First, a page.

Rayonier Stories

Rayonier employees are putting our resources to work for you! We take you behind the scenes in this series of Rayonier videos and articles.

Where Do Utility Poles Come From?

Did you ever look at a towering, perfectly-straight utility pole and wonder what tree could have made such a large pole? Some of them come from Rayonier land! Our foresters explain how they find, measure and prepare these valuable trees.

LUFKIN, Texas—Did you ever look at a towering, perfectly-straight utility pole and wonder what tree could have made such a large pole?

Some of them come from Rayonier land!

The most valuable trees on our land in the U.S. South, “pole” trees can be used either as utility poles for telephone and power lines or as piles for docks and piers.

Pine trees in a natural forest typically do not provide a large number of poles, explains Rayonier’s Lufkin-based senior timber marketing manager, Jeremy Flood. But our in-house genetic research team has worked to develop seed families that produce tall, straight trees with smaller branches.

“It starts with genetics,” Jeremy says, “followed by decades of management with proper thinning and fertilization. The result is mature plantations with high quality grade timber.”

Finding the Right Trees for Poles

Even though the trees in a stand of timber are the same age and species, they still mature to a variety of shapes and sizes. A forest manager is responsible to ensure that each tree is used for its highest potential. Trees worthy of becoming poles are the rarest—and, consequently, the most valuable—because of the very specific requirements that must be met in order to qualify.

Without careful planning and attention to detail, these valuable trees could easily be missed, and thus sold as sawtimber, a significantly less valuable product. Jeremy’s team created a plan to ensure as many trees as possible became poles.

“These stands have been nurtured and grown for more than 25 years. It would be a waste to not capture their full potential,” says timber marketing manager Shane Bergman, who spearheaded the project.

To locate potential poles before a harvest, a forest technician takes an inventory, statistically measuring the stand of trees to locate those that meet the size specifications needed for poles. Our foresters work closely with a logging contractor, who cuts them down, separates them from the other trees, and places them to the side for the next step.

Strict Specifications for a Tree to Become a Pole

Once the poles are laying side-by-side in a giant row, a forester inspects them one-by-one, measuring them to ensure they’re straight, have an even thickness and are free of defects like scars and knots that could penetrate the wood. They also have to be the right diameter for the customer’s needs.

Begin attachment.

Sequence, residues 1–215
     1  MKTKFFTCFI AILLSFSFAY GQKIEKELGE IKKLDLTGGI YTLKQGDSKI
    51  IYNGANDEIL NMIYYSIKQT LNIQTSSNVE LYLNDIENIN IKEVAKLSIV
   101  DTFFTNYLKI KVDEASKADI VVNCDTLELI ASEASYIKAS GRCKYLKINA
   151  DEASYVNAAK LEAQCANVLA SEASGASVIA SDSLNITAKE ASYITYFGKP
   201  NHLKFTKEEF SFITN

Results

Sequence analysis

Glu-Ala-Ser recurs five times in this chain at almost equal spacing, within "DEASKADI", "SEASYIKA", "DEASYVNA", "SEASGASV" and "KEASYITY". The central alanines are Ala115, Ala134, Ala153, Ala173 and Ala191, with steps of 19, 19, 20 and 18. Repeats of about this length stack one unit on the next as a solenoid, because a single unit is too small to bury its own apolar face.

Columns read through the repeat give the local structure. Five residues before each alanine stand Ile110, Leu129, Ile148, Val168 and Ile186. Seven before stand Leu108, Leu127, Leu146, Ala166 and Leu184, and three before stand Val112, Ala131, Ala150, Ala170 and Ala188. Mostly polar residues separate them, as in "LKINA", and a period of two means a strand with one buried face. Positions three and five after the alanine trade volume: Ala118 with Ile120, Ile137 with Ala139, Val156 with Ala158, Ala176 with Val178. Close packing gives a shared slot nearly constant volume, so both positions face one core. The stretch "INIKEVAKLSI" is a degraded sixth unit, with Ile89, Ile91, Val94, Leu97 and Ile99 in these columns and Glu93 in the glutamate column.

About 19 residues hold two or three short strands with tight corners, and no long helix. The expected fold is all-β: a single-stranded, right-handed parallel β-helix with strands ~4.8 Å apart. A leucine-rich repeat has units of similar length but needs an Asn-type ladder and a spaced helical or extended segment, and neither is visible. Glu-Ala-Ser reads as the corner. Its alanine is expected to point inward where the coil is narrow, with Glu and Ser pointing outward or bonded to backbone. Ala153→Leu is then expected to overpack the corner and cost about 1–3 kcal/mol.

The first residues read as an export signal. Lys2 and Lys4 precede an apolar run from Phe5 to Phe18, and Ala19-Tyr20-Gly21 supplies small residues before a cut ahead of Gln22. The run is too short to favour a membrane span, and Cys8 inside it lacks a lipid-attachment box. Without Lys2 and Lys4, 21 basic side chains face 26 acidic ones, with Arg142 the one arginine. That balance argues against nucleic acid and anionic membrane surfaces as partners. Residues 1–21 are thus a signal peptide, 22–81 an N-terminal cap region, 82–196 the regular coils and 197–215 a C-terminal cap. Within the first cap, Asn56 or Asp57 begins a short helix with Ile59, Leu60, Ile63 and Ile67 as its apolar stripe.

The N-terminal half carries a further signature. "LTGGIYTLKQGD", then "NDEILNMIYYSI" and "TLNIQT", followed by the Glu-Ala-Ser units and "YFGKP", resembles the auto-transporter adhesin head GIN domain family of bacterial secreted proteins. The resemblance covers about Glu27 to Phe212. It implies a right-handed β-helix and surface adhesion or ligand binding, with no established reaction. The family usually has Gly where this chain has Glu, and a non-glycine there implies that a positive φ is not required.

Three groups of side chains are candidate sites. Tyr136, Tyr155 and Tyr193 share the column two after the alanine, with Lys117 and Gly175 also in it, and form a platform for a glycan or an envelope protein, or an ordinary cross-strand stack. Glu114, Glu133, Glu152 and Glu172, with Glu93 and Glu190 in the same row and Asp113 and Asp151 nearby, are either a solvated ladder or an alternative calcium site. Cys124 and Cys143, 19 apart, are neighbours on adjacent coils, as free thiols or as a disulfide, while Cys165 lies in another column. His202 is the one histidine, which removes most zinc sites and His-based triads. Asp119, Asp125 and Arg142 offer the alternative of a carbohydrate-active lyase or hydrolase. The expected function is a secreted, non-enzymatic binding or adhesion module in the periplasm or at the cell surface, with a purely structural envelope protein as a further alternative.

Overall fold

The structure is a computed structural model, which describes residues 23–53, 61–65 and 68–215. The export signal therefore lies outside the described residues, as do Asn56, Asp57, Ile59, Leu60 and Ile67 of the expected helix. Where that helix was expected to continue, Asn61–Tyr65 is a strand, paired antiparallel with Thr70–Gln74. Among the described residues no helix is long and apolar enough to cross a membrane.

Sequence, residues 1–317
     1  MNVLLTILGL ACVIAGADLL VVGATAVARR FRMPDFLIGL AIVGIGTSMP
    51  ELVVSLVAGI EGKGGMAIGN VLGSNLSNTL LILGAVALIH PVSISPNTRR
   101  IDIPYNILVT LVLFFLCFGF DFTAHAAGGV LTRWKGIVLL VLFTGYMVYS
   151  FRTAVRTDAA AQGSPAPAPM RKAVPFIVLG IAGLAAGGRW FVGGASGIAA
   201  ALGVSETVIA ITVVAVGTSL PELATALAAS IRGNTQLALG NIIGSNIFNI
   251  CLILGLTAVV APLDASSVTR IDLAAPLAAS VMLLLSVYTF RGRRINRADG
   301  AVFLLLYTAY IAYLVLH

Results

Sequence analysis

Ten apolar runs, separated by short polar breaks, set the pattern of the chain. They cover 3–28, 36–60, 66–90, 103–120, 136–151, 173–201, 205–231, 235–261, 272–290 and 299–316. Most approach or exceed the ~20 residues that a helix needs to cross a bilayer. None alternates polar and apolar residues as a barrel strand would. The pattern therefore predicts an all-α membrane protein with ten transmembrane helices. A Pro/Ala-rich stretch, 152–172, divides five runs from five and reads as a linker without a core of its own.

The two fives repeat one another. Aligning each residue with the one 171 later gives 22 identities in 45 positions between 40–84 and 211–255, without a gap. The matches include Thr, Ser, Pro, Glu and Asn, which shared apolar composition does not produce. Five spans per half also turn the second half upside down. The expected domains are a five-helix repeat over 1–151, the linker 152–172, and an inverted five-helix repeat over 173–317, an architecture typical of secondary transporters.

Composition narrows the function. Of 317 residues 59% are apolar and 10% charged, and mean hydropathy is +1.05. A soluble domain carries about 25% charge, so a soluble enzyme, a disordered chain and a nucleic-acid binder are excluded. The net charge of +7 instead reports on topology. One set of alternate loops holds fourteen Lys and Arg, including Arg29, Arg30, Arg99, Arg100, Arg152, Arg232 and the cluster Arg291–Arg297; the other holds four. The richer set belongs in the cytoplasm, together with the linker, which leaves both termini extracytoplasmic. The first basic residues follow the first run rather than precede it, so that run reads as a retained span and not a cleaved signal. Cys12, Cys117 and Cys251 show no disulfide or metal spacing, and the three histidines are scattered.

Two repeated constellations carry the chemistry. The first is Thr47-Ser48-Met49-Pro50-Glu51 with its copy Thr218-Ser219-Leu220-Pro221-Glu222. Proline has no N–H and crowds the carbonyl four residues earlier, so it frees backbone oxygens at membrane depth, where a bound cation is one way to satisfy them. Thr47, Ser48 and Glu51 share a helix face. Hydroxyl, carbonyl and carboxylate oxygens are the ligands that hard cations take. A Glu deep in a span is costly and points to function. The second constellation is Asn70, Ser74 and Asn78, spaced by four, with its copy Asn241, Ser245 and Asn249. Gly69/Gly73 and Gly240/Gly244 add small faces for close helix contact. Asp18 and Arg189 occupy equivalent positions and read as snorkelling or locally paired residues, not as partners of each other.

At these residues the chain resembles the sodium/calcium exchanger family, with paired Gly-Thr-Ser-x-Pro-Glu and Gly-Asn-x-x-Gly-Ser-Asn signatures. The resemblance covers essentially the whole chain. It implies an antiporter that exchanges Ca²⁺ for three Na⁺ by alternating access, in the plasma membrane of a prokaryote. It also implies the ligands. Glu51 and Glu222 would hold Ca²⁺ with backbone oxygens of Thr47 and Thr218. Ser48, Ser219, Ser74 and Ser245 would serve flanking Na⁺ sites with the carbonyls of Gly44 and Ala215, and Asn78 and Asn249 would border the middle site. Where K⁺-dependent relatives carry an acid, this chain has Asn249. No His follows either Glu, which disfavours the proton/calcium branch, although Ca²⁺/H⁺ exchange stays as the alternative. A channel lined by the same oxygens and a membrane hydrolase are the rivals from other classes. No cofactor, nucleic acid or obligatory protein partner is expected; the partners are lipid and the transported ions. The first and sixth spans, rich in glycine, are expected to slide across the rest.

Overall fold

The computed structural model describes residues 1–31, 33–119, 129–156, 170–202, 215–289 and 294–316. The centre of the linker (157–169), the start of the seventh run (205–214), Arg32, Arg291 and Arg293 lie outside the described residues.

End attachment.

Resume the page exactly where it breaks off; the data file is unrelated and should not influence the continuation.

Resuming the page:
“Poles have very tight specifications required by the customer and consumer,” Jeremy explains.  “It’s not all cosmetic, much of the specs are required for engineering purposes, to ensure strength and longevity.”

Trees that don’t meet the rigorous standards are “culled,” or rejected, and used for sawtimber. Trees that meet the standards are manually cut with a chainsaw to the exact size specifications of the buyer.

The trees are then delivered to a pole mill, where they’re processed and turned into the final product.

Shane couldn’t be happier with the way the project worked out.

“It’s exciting to scale poles because of the relationships you build,” he says. “As you work with the contractors you get to learn about them and see that they have the same values as Rayonier when it comes to being a good steward of the forest. We truly get to work with some great individuals.”

Join the Conversation


  1. Question. I have red pines and some white on my 7 acre property in northern Minnesota near Detroit lakes, Minnesota. These pines are approximately 80 feet tall.
    I find people will cut them down for a fee, or take them for pay. These trees are 80 years old or older I’m told. I only want to thin the land, and create an opening for a road and building. I feel these trees are worthy of more than fire wood. They beautiful and could be used for log homes etc. Not looking to get rich but I thought a reasonable sum for them is fair. I’d like to see the trees get used for something useful. Are they worth anything for a better use than fire? Thank you for your time.

    1. Hi Mark. There are a lot of factors that go into the value of a tree, so it would help to have a forestry professional take a look at the specific trees on your land. There are some great resources that can help you connect with someone with the right expertise. Most counties in the U.S. have agricultural extension offices run by state universities, which are a great place to start. Other resources that may be able to help would be your state forestry service or the state forestry association.

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